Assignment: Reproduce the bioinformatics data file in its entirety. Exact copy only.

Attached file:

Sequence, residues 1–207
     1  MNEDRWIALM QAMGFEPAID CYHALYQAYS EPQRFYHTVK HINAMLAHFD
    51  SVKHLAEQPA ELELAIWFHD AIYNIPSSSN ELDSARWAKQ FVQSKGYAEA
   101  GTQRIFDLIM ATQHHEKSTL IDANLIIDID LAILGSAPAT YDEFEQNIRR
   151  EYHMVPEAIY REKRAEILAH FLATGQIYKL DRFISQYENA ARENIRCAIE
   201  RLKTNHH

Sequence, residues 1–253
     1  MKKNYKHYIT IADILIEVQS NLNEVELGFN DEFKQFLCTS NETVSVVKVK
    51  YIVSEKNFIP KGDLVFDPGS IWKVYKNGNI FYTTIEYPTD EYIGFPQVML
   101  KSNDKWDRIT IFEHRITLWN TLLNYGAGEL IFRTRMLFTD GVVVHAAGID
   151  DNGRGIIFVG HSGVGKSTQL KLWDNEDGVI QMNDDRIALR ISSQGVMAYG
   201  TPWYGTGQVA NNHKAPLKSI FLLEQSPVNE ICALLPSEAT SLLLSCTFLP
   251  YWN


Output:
Sequence, residues 1–207
     1  MNEDRWIALM QAMGFEPAID CYHALYQAYS EPQRFYHTVK HINAMLAHFD
    51  SVKHLAEQPA ELELAIWFHD AIYNIPSSSN ELDSARWAKQ FVQSKGYAEA
   101  GTQRIFDLIM ATQHHEKSTL IDANLIIDID LAILGSAPAT YDEFEQNIRR
   151  EYHMVPEAIY REKRAEILAH FLATGQIYKL DRFISQYENA ARENIRCAIE
   201  RLKTNHH

Sequence, residues 1–253
     1  MKKNYKHYIT IADILIEVQS NLNEVELGFN DEFKQFLCTS NETVSVVKVK
    51  YIVSEKNFIP KGDLVFDPGS IWKVYKNGNI FYTTIEYPTD EYIGFPQVML
   101  KSNDKWDRIT IFEHRITLWN TLLNYGAGEL IFRTRMLFTD GVVVHAAGID
   151  DNGRGIIFVG HSGVGKSTQL KLWDNEDGVI QMNDDRIALR ISSQGVMAYG
   201  TPWYGTGQVA NNHKAPLKSI FLLEQSPVNE ICALLPSEAT SLLLSCTFLP
   251  YWN